When people think about the NWTF’s habitat work, projects mainly benefitting wild turkeys come to mind. But, much of that work also benefits nongame species.
Ryan Boyer, an NWTF regional biologist living and working in Michigan, currently oversees such a project. It’s a partnership between the NWTF and the USDA Forest Service on the Huron-Manistee National Forest in Michigan. The work involves habitat restoration designed to help the federally-endangered Karner blue butterfly in the Forest’s Baldwin District.
“We’re working to restore oak savanna habitats that have been overgrown,” Boyer said. “There is a lot of old-growth oak and white pine in these areas. We selectively remove some of these trees to open up areas and create a transitional oak savanna habitat that goes from grassland habitat to forested habitat.”
A lack of wildfire going back several generations allowed tree species to take hold and, in many cases, crowd out native grasses and wildflowers. Restoring oak savannas will help myriad species beyond the Karner blue butterfly. These include monarch butterflies and upland game birds, such as ruffed grouse, woodcock and turkeys. A primary focus, Boyer explained, is to regenerate wild lupine, a flower Karner blue butterflies need to meet lifecycle needs.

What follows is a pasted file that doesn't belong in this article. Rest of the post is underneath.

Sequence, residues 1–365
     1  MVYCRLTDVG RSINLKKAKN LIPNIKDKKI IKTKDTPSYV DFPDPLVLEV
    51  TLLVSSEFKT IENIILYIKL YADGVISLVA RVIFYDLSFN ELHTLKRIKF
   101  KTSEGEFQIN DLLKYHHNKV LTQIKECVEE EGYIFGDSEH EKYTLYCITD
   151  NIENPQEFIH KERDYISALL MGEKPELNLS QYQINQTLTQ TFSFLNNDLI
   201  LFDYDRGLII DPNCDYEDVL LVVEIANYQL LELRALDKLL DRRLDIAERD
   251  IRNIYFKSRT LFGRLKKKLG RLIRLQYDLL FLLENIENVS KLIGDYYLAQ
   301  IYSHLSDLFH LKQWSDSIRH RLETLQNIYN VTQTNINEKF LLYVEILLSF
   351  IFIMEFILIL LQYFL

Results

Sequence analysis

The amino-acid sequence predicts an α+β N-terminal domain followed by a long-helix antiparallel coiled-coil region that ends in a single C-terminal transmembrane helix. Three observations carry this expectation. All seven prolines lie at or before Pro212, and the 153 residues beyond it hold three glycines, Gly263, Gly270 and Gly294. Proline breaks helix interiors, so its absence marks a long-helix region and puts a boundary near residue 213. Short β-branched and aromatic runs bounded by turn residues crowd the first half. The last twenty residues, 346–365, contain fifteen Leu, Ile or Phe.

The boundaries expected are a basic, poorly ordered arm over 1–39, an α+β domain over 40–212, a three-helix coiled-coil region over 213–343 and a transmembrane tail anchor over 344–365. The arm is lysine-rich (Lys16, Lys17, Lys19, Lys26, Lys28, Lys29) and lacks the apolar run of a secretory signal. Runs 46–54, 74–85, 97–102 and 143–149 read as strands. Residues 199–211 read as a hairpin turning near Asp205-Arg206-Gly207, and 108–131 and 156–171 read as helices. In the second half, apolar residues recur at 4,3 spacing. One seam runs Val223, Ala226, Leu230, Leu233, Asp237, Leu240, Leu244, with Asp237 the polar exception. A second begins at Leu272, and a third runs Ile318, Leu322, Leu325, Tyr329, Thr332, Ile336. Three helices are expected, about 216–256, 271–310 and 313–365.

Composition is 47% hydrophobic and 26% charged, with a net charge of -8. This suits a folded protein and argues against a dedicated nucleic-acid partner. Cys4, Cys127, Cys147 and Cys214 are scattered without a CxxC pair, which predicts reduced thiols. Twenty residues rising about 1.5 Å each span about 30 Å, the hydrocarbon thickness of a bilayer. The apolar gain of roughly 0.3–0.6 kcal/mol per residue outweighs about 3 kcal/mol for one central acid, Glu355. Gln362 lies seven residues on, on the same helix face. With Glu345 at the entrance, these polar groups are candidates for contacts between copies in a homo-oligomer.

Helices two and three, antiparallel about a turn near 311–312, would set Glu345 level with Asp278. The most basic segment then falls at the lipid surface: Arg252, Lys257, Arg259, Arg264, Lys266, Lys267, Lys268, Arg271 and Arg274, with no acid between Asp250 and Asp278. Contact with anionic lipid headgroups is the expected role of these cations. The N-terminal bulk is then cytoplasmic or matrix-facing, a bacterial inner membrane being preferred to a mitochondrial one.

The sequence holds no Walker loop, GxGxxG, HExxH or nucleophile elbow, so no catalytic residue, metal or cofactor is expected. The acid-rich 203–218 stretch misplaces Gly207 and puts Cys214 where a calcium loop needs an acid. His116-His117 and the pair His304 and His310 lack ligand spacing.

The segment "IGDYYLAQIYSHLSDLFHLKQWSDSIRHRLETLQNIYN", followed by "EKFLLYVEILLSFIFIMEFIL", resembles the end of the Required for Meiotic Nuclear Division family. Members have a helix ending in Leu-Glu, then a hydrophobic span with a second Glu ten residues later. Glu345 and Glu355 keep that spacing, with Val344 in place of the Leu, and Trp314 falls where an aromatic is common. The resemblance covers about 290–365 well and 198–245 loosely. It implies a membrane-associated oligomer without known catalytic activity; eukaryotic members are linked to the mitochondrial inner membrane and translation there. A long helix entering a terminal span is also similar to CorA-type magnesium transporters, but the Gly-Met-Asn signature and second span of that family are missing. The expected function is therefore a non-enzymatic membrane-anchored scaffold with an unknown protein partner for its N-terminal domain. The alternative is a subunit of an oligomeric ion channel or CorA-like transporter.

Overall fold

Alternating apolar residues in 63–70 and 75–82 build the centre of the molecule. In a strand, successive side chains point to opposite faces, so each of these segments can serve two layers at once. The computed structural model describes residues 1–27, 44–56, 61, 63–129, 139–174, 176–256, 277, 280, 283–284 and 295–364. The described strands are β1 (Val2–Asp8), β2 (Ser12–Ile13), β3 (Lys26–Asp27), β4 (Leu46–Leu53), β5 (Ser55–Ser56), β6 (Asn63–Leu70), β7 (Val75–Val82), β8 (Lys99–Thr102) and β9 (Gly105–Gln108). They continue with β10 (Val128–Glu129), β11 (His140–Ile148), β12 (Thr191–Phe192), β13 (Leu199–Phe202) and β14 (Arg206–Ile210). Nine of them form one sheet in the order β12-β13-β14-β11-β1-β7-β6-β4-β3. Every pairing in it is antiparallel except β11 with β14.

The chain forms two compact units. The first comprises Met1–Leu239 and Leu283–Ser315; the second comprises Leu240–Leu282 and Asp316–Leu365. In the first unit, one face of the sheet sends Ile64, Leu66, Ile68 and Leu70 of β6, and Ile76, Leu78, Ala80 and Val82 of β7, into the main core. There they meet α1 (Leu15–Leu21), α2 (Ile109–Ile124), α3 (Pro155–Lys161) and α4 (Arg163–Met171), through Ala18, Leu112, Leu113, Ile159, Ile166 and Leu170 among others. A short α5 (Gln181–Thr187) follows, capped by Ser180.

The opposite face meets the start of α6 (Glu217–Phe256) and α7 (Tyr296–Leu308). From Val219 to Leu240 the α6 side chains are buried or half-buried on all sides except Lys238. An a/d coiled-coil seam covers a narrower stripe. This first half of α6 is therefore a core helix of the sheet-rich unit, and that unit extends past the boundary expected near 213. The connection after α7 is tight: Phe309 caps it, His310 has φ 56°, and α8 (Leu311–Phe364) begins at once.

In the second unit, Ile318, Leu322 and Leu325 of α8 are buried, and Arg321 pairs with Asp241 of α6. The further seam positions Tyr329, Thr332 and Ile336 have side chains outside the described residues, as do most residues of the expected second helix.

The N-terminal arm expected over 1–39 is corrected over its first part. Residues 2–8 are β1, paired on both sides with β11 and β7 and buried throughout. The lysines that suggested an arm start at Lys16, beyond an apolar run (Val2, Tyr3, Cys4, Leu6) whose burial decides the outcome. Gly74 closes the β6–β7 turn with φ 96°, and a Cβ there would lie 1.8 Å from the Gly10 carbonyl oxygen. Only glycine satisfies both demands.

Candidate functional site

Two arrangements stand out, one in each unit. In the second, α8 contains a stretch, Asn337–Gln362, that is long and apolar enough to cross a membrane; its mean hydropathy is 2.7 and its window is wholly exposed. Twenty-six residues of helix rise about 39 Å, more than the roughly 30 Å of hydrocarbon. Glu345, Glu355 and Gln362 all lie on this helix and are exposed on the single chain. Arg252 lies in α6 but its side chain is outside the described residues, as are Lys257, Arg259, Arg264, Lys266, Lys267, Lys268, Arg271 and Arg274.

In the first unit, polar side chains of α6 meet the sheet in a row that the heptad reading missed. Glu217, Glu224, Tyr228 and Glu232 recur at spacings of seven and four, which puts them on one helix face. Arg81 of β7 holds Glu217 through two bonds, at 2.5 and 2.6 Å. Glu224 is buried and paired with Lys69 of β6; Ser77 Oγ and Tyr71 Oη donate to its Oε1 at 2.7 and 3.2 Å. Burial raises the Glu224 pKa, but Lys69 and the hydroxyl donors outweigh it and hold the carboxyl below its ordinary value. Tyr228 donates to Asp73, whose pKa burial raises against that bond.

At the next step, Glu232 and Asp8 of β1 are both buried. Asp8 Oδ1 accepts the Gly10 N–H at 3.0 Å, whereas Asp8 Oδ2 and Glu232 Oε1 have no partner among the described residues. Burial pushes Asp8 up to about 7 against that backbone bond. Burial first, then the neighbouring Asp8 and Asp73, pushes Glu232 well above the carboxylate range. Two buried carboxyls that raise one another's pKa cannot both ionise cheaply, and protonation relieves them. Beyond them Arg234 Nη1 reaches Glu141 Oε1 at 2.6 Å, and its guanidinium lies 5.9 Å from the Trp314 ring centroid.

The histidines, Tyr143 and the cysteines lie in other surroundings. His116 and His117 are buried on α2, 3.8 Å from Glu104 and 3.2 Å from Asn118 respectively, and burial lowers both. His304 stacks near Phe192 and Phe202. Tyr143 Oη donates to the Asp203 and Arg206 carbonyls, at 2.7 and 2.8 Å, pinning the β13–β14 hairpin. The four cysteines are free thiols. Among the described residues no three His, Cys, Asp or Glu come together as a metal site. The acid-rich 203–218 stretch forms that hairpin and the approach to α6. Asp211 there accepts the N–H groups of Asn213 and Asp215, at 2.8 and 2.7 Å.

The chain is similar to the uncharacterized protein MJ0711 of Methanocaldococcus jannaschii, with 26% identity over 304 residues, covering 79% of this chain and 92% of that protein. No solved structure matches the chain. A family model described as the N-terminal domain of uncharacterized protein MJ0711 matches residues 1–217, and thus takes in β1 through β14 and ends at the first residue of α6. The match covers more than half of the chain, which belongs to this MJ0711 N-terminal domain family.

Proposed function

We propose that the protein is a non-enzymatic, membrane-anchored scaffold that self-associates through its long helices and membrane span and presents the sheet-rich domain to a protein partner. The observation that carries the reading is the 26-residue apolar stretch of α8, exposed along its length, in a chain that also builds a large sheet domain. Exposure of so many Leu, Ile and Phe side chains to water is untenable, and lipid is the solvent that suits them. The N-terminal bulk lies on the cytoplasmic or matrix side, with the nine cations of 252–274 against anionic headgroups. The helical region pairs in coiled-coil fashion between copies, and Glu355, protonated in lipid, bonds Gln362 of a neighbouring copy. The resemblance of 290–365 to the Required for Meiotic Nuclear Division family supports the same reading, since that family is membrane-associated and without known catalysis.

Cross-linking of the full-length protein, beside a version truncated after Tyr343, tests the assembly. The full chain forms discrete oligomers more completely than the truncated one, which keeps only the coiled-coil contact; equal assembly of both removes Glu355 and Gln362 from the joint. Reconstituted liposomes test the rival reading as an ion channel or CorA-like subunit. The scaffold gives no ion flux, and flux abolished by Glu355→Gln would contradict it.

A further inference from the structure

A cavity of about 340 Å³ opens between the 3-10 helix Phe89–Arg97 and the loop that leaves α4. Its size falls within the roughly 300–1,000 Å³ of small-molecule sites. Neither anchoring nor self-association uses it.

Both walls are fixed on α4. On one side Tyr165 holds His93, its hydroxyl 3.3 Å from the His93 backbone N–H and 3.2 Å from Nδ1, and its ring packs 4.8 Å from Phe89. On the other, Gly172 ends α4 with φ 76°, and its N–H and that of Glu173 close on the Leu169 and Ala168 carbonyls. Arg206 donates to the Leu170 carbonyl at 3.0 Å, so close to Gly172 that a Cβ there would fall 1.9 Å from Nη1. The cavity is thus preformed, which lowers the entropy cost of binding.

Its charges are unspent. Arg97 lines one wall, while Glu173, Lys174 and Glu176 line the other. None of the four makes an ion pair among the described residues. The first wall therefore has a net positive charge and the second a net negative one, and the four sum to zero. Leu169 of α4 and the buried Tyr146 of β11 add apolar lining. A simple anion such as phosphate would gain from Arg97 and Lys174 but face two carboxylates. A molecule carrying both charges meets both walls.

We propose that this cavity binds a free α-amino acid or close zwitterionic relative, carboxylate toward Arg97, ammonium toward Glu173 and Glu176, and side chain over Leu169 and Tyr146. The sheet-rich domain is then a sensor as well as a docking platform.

These projects are creatively funded via a stewardship agreement between the NWTF and the Manistee National Forest. As timber is removed and sold from the target areas, the NWTF uses the revenue to fund habitat projects. Other partners include Whitetails Unlimited, Michigan Nature Association and Wolverine Power.
Boyer said upland game quickly moves in to restored oak savannas to take advantage of the grasslands.
“Wildflowers and many warm-season grasses flourish when a project is complete,” he said. “All pollinators benefit, as well as many other insect species. These attract upland game birds that raise their young in these areas, because of the protein-rich insects and cover present there.”